The Three Dog Training Mistakes You Should Avoid

When it comes to dog training, there are may different ways to go about doing it. Most techniques used today however, are based upon the idea that positive reinforcement is most likely going to give you the best results. Almost every truly successful dog training system is developed out of positive reinforcement thinking.

No matter which specific training program you as a dog owner choose to use, there are three common mistakes that should be avoided. Some dog owners, without realizing it, are liable to make three serious errors which if avoided will make dog training a far more enjoyable and effective experience.

The three most common mistakes are:

Being Inconstant With Training

Dogs thrive on predictability. A dog is likely to respond best to a system in which regular actions produce regular results. For example; if your dog succeeds in performing a certain action that the you the owner is pleased with and you rewards her, after a few times of this the dog will come to expect a reward for performing the same act. This is how the dog learns. If you start to reward sometimes and not other times for the same act before the dog has a chance to learn the act then the dog becomes confused and you wont get the results you are looking for from your dog.

One of the keys to successful training is to remain consistent each and every time.

Do not become impatient

Training your dog can be frustrating at times. Tasks we believe our dogs should be able to learn easily and quickly often end up taking more time to master then we thought or sometimes it looks like they just "do not get it" at all. Dog training is an extended process that can require a great deal of patience from the trainer.

Being impatient often results in the trainer becoming unpredictable in how they handle the dog and what they are asking from them. They may hastily stop a training session or worse, forget to use positive reinforcement that their dog has come to expect in hopes of finding a shortcut to the desired result.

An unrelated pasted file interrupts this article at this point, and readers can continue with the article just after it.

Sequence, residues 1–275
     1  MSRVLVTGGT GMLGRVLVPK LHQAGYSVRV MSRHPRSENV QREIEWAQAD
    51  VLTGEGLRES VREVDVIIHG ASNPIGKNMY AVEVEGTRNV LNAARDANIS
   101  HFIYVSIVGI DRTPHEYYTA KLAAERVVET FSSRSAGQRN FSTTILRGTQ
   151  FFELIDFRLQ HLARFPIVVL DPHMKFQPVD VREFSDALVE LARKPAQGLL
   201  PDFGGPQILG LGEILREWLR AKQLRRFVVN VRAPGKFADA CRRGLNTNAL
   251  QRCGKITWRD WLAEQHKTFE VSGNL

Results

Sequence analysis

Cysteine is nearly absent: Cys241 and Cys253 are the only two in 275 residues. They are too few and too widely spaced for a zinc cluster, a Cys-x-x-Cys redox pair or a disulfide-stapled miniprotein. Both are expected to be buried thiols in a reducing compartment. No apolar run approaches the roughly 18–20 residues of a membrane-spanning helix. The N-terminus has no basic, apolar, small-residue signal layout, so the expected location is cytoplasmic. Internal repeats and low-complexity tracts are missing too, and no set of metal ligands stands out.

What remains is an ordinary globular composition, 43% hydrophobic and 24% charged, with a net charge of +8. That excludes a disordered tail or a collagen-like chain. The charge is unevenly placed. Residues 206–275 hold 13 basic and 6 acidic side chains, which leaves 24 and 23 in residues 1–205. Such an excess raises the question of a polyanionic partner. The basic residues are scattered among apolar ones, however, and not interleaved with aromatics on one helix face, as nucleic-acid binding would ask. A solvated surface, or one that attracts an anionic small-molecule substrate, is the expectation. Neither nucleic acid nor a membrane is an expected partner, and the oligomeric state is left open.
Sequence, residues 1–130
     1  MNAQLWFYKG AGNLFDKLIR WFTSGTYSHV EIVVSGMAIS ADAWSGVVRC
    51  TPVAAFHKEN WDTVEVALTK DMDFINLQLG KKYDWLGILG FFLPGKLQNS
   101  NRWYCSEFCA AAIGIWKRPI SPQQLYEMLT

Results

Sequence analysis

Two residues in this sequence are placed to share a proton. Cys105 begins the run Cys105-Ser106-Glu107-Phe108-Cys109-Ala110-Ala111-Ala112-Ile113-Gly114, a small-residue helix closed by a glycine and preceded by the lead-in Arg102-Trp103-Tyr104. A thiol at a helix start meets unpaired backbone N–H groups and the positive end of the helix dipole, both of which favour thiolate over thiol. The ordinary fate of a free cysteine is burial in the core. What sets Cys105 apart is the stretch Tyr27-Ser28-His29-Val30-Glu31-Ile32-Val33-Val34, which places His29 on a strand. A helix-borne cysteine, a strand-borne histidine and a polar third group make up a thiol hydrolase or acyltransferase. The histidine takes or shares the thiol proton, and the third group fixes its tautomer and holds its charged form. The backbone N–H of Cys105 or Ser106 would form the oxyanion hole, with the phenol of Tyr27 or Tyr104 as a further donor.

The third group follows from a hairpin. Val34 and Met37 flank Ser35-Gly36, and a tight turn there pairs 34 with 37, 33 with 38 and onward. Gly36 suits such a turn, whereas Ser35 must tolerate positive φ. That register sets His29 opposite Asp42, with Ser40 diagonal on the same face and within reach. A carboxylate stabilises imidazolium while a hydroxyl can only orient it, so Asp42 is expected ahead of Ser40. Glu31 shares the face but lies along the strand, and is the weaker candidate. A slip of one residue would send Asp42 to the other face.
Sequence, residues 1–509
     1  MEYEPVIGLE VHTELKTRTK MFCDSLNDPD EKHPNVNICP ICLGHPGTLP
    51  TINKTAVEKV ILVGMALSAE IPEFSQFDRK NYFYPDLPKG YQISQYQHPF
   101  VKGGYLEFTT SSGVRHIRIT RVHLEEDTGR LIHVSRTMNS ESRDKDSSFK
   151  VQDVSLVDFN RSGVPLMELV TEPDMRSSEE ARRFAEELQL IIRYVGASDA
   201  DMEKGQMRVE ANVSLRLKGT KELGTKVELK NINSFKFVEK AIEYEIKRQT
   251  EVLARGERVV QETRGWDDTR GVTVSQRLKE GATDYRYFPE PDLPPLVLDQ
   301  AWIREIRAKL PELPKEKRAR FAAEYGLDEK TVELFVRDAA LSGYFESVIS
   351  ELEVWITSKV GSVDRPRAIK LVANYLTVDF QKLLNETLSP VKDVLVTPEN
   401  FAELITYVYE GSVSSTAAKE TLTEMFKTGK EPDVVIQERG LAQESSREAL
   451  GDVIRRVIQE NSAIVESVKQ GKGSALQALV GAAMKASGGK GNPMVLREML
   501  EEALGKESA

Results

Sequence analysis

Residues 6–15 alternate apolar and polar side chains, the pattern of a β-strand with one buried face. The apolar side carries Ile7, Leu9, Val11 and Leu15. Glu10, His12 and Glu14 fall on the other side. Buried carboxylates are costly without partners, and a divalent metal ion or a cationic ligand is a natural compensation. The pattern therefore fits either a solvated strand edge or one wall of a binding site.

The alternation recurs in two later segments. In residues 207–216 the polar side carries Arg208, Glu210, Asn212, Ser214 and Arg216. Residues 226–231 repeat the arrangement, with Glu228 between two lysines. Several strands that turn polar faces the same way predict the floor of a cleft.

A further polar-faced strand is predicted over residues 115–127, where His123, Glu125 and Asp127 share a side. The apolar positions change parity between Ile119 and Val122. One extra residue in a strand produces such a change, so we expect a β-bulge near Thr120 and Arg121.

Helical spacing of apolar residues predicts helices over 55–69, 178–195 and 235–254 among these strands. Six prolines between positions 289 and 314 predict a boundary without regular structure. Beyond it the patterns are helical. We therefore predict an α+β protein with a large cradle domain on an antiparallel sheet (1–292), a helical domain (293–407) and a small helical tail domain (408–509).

The other key to successful training is you're going to have a patient outlook through out the entire process of dog training.

Not Treating Your Dog as a Training Partner

Dog training needs two participants; the dog and you the owner. To often, some dog owners tend to look at the process as being just about them. They worry over their strategies and training techniques without taking their training partner, the dog, into consideration.

Dog training should be fun. In fact, it should be like a play session. When the dog is looked upon as a subject for experimenting with, you lose that all important dog / owner bond that has built up between you. Training then becomes a real chore rather than a joint activity that neither of you is getting any enjoyment out of.

Dogs get very attuned to their owners attitude quite quickly and are less likely to learn if they're treated like a subject instead of a valued companion. If you fail to see your dogs unique personality during training you will be unable to pick up on minority clues that could improve your training techniques and then give you quicker results.

By avoiding these three common mistakes when dog training, you're more likely to be able to create a training strategy that produces great results. In addition to this, the training experience will be more enjoyable for both you and your dog.

Source by Jane Kraynyk

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